Sunday, 12 March 2017 15:58

What's in your training week?

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The goal for anyone that is trying to maximize their training time is to determine how they can get the most out of each session. Most likely a working person is limited on the amount of time that can be reserved for training, so intuitively this would suggest going hard at every workout and your effort will be rewarded with a better performance. This may prove true for an athlete new to exercising, however after the athlete has plateaued this eventually proves not to be true.

Using the 3X3 weekly training method as part of an annual Periodization Plan is a straight forward concept to create a season training schedule. Simply rotating three distinctly different sports to ensure that you are adequately trained for them on an individual basis is relatively easy. The difficult part is making it work with an end result of doing an event that combines all three into a single session come race day.

Periodization training has several key standards that must be followed in order to maximize performance and continue to build an overall endurance base. These seasonal phases include: Base, Build, Intensity, Peak and Recovery. Within this construct is what I have termed “the 3x3 weekly training method”. The thought, if executed properly calls for a minimum of three sessions in each discipline during a weekly (7 day) timeframe. Specifically, an athlete would do a short (intense), medium (tempo) and long (sustained) effort in each sport, each week. To build fitness to a higher level, the athlete would add additional sessions to the plan depending on near-term and long-term goals. This provides the overview of the season but does not give the specifics of what makes up a workout. I will address how to develop your 3X3 week and plug it into the Periodization Plan for the entire year.


The three (or more) swim workouts that you do each week should allow for some base work that would include longer sets to build endurance and shorter sessions that focus faster arm turnover and a quick kick. The distance that you accumulate for the week will be dependent upon the race distance that you plan to compete at. Typically someone doing sprints and Olympic Distance racing cover 2000 to 3,000 yards/meters per session or 1.5 to 2X the actual race swim distance. Additionally since it is a non-impact sport training more does not usually lead to an overuse injury. Ironically in triathlon, the swim is the least time spent on race day but proves to be extremely taxing for the athletes that do not have a swim background.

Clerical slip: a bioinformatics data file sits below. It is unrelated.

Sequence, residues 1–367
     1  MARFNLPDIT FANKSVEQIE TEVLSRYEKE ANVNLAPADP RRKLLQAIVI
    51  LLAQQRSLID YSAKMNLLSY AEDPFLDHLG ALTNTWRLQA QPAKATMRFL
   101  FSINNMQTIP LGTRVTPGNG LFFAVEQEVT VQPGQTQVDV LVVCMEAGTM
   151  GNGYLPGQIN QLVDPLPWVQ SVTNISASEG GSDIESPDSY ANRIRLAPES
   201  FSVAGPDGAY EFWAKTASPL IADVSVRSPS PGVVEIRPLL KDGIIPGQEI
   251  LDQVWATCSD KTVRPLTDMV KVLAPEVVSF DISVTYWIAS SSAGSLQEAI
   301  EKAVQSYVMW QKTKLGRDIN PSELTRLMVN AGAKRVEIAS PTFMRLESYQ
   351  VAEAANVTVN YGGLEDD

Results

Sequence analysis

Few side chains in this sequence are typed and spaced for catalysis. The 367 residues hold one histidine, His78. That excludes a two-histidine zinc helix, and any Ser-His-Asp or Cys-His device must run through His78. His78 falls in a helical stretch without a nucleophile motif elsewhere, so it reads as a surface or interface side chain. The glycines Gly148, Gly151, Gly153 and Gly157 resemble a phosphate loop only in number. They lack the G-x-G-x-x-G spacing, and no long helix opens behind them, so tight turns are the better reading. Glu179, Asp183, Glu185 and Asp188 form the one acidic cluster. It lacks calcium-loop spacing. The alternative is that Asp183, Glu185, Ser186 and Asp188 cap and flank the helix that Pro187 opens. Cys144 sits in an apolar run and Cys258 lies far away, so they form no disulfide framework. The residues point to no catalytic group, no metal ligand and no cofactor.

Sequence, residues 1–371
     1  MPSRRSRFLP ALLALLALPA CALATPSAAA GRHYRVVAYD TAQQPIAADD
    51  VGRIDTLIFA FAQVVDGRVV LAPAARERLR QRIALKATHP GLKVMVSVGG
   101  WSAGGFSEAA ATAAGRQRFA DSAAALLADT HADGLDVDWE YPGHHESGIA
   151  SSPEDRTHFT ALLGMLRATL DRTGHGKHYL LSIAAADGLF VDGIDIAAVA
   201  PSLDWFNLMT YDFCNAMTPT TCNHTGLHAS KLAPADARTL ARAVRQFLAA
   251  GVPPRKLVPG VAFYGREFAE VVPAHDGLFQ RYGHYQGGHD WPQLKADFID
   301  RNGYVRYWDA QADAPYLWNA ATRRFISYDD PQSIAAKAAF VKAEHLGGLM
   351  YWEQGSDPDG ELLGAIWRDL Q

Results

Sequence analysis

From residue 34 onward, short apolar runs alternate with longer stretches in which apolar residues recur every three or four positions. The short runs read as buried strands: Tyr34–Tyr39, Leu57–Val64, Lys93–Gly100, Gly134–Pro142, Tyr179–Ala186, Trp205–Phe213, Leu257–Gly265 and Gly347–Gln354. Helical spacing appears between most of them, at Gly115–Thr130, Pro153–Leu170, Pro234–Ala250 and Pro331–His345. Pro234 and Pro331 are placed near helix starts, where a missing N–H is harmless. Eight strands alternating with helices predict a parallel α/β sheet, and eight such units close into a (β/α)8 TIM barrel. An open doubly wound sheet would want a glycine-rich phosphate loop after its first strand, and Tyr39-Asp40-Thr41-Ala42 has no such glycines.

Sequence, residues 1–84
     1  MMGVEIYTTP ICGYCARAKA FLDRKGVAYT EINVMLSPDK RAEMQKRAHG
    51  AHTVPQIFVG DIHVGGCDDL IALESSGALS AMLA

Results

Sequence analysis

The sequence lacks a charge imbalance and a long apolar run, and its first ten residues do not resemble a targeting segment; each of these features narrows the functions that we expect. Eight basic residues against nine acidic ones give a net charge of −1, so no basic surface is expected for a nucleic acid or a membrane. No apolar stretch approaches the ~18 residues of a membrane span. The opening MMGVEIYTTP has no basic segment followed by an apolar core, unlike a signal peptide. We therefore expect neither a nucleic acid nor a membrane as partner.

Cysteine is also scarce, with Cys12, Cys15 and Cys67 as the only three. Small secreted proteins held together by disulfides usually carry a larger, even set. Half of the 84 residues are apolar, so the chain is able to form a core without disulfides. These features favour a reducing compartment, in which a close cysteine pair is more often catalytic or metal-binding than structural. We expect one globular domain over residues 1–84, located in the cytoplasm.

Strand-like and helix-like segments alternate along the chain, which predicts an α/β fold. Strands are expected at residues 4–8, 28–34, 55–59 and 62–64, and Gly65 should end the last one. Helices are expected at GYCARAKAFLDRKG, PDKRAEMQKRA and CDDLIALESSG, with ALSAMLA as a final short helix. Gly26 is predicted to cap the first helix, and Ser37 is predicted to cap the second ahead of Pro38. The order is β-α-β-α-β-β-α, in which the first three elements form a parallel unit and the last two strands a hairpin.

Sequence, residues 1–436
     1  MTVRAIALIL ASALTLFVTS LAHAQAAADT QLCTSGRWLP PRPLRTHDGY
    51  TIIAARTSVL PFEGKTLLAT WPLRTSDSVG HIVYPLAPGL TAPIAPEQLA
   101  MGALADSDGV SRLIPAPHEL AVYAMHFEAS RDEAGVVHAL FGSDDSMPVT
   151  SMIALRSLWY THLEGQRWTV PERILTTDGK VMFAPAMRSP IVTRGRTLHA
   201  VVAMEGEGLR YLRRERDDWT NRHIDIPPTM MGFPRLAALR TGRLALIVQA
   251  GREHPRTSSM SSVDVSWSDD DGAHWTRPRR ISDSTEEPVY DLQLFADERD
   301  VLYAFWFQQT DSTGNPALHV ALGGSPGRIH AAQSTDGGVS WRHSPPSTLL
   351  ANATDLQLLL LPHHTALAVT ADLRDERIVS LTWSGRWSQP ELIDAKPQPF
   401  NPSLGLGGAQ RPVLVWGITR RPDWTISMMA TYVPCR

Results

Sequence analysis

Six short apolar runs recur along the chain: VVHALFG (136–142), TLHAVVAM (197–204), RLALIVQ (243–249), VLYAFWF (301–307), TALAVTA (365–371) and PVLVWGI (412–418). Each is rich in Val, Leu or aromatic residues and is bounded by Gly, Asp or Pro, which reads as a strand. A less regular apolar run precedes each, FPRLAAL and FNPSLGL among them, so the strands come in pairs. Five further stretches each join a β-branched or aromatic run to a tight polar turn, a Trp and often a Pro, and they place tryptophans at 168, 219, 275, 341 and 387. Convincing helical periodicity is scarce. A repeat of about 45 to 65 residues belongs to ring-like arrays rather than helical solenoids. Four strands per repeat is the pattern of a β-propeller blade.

For the majority of participants, competitive swimming is new to them and is often what they spend the least time training for. This is especially true if they have gravitated to longer race distances. Regardless, more time and consistency will pay big dividends and is especially true for Olympic and sprint distances events where the swim is usually the make-or-break leg for the top participants who make the podium. “If only I could swim better” is often the mantra of many triathletes yet they spend very little time trying to get better. Stay in contact with the water on a year round basis with at least three weekly swims and you will up your game. Total investment of actual exercise time is about 2:30-4:00 hours per week. Compare that to how much an athlete rides or runs and the difference is usually staggering especially when you consider that they can make the most improvement in terms of performance by swimming more. Of course the bike and run are the prominent part of long course racing so the swim is an afterthought. An obstacle for some is that pool time is not easy to find. If you do get to the pool, make the most of it. Get your money’s worth and spend as much time as possible until your form deteriorates. Then do kick drills if you have to. The intangibles of a faster swim allows an athlete to get out of the water sooner and therefore fresher so they can get on with the steady state portions of the race. A faster swim will also put you in a position to be near or with better competitors that will help your pace throughout the remainder of the race.